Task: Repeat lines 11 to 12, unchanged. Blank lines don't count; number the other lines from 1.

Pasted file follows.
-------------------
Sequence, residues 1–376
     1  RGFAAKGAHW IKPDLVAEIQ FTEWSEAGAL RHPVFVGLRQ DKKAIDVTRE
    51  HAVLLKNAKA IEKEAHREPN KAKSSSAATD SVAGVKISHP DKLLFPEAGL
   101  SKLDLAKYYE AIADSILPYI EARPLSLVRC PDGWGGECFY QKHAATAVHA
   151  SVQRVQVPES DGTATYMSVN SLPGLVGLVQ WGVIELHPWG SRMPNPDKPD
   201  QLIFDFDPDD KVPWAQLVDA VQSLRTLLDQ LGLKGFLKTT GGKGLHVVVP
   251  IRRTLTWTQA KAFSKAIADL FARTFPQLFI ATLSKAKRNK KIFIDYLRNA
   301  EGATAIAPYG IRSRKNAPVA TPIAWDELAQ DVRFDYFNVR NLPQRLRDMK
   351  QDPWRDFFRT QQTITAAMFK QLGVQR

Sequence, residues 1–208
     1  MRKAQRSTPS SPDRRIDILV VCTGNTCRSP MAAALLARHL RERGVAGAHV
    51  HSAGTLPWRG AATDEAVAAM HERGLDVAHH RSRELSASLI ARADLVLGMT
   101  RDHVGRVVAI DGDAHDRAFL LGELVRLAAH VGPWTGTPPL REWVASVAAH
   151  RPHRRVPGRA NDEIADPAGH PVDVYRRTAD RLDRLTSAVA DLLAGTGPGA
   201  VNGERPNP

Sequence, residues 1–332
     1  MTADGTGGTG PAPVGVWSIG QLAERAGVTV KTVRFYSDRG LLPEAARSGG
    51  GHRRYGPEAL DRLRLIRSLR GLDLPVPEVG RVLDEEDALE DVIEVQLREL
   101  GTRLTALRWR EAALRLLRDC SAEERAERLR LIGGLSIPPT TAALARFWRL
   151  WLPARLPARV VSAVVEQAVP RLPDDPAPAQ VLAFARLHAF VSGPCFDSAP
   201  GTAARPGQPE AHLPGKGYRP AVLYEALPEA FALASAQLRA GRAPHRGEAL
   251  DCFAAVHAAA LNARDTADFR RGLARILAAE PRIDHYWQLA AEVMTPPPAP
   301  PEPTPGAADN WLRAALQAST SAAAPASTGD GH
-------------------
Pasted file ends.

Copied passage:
     1  MRKAQRSTPS SPDRRIDILV VCTGNTCRSP MAAALLARHL RERGVAGAHV
    51  HSAGTLPWRG AATDEAVAAM HERGLDVAHH RSRELSASLI ARADLVLGMT